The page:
Two trios of players, each trio having the same occupation or other common factor, competed to guess the answers to multi-answer questions. In some cases, the contestants were predicting the most popular answers to survey questions similar to Family Feud, but most of the time they were general knowledge ("Name seven of the ten largest countries in the world"). Each question has a minimum seven possible answers. The player in control could either provide an answer or challenge an opponent to answer; players were eliminated from the round if they answered incorrectly or lost a challenge, thereby giving the opposing team control.
A team won a round by eliminating all three opponents or, less often, by supplying the seventh correct answer. The first team to win two rounds played the Bonus Round, in which the object was to make the correct choices from pairs of answers in a category.
Hot Potato debuted on January 23 and suffered mostly due to airing at Noon, a slot NBC affiliates generally preempted in favor of either local newscasts or syndicated programming. In a rather misguided effort to combat this, the show became Celebrity Hot Potato on April 23, removing the "three-of-a-kind teams" element as well as the Seven-Straight Jackpot (see below); the show ended on June 29, being replaced by reruns of Diff'rent Strokes, which, in turn, was replaced on September 24 with Super Password...a show that managed to last nearly five years at Noon due partly to help from independent stations in markets where the NBC affiliate was preempting it.
Game Show Tropes in use:
- Bonus Round: Pick which of these two items weighs more, is larger, etc. Get five right, win $5,000 plus $5,000 every time it isn't won by that team. (This was originally used in a far more complex form on B&E's unsold 1979 game Decisions Decisions, also hosted by Cullen.) They could pass on one question, and they had the option to stop after every question and take $500 per right answer; one wrong, and they lost the bonus.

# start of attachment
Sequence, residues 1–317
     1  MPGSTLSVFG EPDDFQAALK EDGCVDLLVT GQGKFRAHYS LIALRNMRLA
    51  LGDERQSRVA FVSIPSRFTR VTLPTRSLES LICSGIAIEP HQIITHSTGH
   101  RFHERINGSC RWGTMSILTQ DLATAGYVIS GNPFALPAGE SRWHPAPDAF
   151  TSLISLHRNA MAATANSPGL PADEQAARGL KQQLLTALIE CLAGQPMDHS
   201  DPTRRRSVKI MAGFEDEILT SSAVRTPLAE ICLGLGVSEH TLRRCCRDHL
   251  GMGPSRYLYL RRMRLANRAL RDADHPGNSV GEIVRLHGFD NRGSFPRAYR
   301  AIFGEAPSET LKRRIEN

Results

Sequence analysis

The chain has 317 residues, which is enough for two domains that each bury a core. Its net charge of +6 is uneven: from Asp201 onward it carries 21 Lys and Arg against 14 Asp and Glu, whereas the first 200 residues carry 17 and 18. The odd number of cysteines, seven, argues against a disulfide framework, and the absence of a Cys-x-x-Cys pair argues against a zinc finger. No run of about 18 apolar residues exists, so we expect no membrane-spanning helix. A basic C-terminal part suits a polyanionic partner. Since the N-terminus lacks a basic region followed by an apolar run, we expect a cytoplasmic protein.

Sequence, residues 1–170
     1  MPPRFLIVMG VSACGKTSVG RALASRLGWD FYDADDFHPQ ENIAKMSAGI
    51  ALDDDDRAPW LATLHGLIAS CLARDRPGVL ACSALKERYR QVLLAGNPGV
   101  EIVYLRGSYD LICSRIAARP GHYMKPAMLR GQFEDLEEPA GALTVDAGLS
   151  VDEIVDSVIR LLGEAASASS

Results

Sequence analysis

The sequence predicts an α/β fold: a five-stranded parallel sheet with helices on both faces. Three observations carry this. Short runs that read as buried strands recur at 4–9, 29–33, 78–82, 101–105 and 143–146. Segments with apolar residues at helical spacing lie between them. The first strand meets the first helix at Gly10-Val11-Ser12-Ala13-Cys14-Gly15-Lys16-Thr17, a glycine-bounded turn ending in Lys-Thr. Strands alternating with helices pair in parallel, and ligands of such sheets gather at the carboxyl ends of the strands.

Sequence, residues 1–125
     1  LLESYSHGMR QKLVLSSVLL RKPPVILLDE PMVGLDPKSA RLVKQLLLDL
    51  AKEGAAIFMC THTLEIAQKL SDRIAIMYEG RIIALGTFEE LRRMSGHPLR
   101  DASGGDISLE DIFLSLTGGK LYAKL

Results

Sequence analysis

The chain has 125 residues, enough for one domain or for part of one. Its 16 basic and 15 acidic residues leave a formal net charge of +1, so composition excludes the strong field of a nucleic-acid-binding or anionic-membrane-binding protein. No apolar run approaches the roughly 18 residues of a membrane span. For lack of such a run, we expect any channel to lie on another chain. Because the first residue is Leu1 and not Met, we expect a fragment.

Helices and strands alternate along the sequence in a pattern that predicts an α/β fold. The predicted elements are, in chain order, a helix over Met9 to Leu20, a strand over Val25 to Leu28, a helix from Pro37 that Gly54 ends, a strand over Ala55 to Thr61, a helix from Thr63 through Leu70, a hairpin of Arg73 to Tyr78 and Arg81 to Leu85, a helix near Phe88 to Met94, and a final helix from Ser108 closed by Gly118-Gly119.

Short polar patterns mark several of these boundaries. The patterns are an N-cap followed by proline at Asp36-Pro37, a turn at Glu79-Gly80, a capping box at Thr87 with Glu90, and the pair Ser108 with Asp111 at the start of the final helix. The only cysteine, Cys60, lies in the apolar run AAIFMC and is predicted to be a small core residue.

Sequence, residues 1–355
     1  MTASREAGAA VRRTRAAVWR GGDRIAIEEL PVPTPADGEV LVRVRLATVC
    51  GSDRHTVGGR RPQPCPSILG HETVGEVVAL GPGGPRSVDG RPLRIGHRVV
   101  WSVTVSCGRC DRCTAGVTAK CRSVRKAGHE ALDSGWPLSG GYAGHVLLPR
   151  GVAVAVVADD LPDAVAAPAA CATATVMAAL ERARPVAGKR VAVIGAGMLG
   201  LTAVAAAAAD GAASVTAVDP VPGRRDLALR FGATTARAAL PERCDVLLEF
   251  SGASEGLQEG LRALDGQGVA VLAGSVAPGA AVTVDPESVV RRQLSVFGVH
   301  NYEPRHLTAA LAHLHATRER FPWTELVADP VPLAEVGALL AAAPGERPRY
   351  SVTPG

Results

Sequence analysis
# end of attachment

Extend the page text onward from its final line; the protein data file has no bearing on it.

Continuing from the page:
- One risk: if they passed on a question, they had to answer the one following it. If they were down to two questions and hadn't use their pass at that point, there was a risk by going on they'd have to pass on the first and get that last question wrong and lose the bonus (it happened at least once).
- Bonus Space: The Seven Straight Jackpot, awarded to any team that managed to give seven correct answers without missing or passing. Thanks to the Celebrity format, it was thrown out entirely.
- Celebrity Edition:
- The week of February 20 had Miss Americas (Susan Perkins, Kylene Barker and Cheryl Pruitt) competing against "All-American Sportsmen" (Rick Barry, Ken Norton and Vince Ferragamo).
- Celebrities became permanent on April 23 for the last 10 weeks, a change that is generally considered to have been a bad idea.
- Progressive Jackpot:
- The bonus prize started at $5,000 and increased by that much until it was won or new champions were crowned, effectively meaning that if a team could make it back and win, their previous loss(es) would be completely negated. One team blew the jackpot three times, made it back a fourth time, and won $20,000.
- The Seven-Straight Jackpot, awarded to a team that gave the required seven answers to a question without missing or passing, which began at $500 and increased by that amount after every match in which it went unclaimed. It was removed on April 23.
This show provides examples of:
- Catchphrase: "Hotttttttttttt Potato!" as steam/smoke arose from the on-set logo.
- Grand Finale: Covered by The A.V. Club's "A Very Special Episode" in 2011, which had this to say at the end...Noel Murray: And who knows? Stumble on the right episode and you might be treated to the poignant spectacle of four celebrities note standing on opposite ends of a podium manned by a TV legend in the last years of his life, all engaged in the last taping of a show nobody was watching, going back and forth, one-by-one, naming people more famous than they. note
- Monkey Morality Pose: A team of monks did this when introducing themselves.
- One Steve Limit: Defied. At least two teams had more than one person with the same name, in which case the tags had numbers next to the names. For instance, the Bee Keepers had "Tim 1", "Tim 2", and "Glen".
- Time Out: Eliminated players had to sit on a bench behind their team until the current question was finished.